With a winery, location is everything. The location of Bench 1775 Winery on the Naramata bench is so good that when they named their winery, they simply used the property’s street number — 1775 Naramata Road — as their name. There are few spots as picturesque in the Okanagan Valley as Bench 1775’s spot on the Naramata Bench. And hey, it doesn’t hurt that it’s also an ideal spot for growing grapes. Can’t make it to the winery? No worries — you can enjoy Bench 1775’s wines in the comfort of your own home (just close your eyes and pretend you’re on the Naramata Bench) as part of My Wine Canada’s wine club. Bench 1775’s wines are featured this month, so sign up and get some delivered today. You'll also receive my tasting notes and pairing suggestions in your package.
Bench 1775’s winemaking, under the guidance of general manager/winemaker Val Tait, has been incorporating organic winemaking practices in the vineyard as well as minimal intervention (in the way of oak, etc.). For the most part, the wines are fruit-forward, accessible crowd-pleasers, although they also make some pretty serious, award-winning reds and whites as well.
The Naramata Bench is one of B.C.’s hottest winemaking regions when it comes to gains made in quality style in the wines. Both cooler- and warmer-climate grapes seem to do well on the bench, and Bench 1775 has used grapes from the region (and beyond) in crafting their wines.
Here are my crib notes on the wines featured this month as part of MWC’s wine club:
2015 Chill ($20.70)
Bright red apple, lemon meringue, pineapple, tropical fruit, spice and apricot notes on the nose show well on this proprietary blend of Pinot Gris, Chardonnay, Viognier, Riesling, Gewürztraminer and Semillon. It’s a light-plus bodied, somewhat viscous white, delivering ripe peach, red apple and pineapple notes on the palate without any oak influence. A cheerful crowd-pleaser that will appeal to wine drinkers across a wide range of palates.
2015 Pinot Gris ($23)
Ripe red apple, pear, melon rind, Meyer lemon and apple seed aromas do well on the nose. It’s a light-plus bodied Pinot Gris that’s all about the fruit — namely red apple, pear and melon flavours. Secondary citrus flavours are ripe rather than tart, while modest peach and papaya notes are lots of fun. The addition of 4% Gewürztraminer adds the faintest hint of spice, and the freshness of the fruit stands out thanks to stainless steel (instead of oak barrel) fermentation.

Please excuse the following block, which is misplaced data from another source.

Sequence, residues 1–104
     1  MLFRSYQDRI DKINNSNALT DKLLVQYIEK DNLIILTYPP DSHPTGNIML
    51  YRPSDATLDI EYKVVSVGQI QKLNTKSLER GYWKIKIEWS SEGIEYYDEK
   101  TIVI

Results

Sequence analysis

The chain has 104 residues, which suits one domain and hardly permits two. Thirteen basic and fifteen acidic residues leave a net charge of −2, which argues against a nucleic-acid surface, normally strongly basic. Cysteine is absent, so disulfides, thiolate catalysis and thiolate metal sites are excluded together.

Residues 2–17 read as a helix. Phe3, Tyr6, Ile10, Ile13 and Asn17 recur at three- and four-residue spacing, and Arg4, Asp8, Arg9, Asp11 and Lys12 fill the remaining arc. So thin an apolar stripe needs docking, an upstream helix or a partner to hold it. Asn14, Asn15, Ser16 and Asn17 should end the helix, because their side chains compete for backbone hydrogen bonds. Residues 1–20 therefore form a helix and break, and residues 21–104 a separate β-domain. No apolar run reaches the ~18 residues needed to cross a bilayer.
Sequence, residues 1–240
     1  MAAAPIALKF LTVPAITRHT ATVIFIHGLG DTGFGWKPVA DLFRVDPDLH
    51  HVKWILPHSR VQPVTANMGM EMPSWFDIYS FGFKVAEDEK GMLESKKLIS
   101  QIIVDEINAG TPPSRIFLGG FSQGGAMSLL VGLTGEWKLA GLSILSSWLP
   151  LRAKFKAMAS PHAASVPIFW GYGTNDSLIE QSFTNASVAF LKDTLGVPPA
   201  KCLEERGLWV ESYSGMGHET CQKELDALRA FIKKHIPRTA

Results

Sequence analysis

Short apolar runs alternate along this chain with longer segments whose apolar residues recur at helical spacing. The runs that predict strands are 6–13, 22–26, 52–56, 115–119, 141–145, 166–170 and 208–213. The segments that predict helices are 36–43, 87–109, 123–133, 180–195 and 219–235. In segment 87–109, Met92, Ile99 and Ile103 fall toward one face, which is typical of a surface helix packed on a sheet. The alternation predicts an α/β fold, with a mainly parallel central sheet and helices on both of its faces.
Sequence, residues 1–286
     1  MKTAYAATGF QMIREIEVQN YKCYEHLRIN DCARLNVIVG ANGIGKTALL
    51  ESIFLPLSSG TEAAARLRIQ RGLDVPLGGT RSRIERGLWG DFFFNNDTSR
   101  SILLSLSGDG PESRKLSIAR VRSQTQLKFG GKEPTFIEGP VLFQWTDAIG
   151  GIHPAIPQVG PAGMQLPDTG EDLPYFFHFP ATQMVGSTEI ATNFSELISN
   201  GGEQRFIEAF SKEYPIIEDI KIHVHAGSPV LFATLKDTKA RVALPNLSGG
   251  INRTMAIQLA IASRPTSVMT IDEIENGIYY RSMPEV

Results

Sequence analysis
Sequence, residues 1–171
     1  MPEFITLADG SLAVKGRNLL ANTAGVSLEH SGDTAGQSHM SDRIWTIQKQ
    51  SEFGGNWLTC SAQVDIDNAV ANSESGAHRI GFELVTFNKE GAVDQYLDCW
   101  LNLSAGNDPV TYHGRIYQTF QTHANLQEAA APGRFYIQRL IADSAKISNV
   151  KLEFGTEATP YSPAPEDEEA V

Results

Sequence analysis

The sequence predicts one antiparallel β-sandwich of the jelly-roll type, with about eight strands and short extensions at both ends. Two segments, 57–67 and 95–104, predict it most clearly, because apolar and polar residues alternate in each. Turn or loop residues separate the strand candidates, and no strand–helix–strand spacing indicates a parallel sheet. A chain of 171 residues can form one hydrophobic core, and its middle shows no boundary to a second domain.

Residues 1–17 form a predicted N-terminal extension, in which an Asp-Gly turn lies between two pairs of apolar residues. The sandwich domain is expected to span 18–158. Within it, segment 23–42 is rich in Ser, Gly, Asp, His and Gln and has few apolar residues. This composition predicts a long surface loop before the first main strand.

2014 Groove ($20)
A blend of Merlot, Malbec and Cabernet Franc, the Groove brings fresh plum, blackberry, blueberry and dark chocolate aromas most on the nose, with secondary leather, smoke and black tea notes. This full-bodied, rich red may technically be a Bordeaux-style blend, but flavour-wise it’s anything but. Plush blueberry and plum notes driven by the Merlot make way for dark chocolate, vanilla and black berry flavours. Modest oak aging here adds complexity without overpowering the fruit or adding any sweetness.
Here’s the absolute steal of the bunch. Blackberry, chocolate, cassis, mint and light herbal and bell pepper aromas show well, with underlying leather, smoke and black tea notes. It’s a full-bodied, elegant red made from a single clone of the Cabernet Franc grape, with ripe cassis, white pepper, mint, raspberry, espresso and dark chocolate flavours. It’s a beautifully balanced, complex Cabernet Franc that’s drinking very well right now but has five to eight years’ aging potential. Bench 1775’s take on this underrated grape brings incredible finesse and style.
Ben MacPhee-Sigurdson is the wine columnist and literary editor for the Winnipeg Free Press. He’s on Twitter and Instagram at @bensigurdson.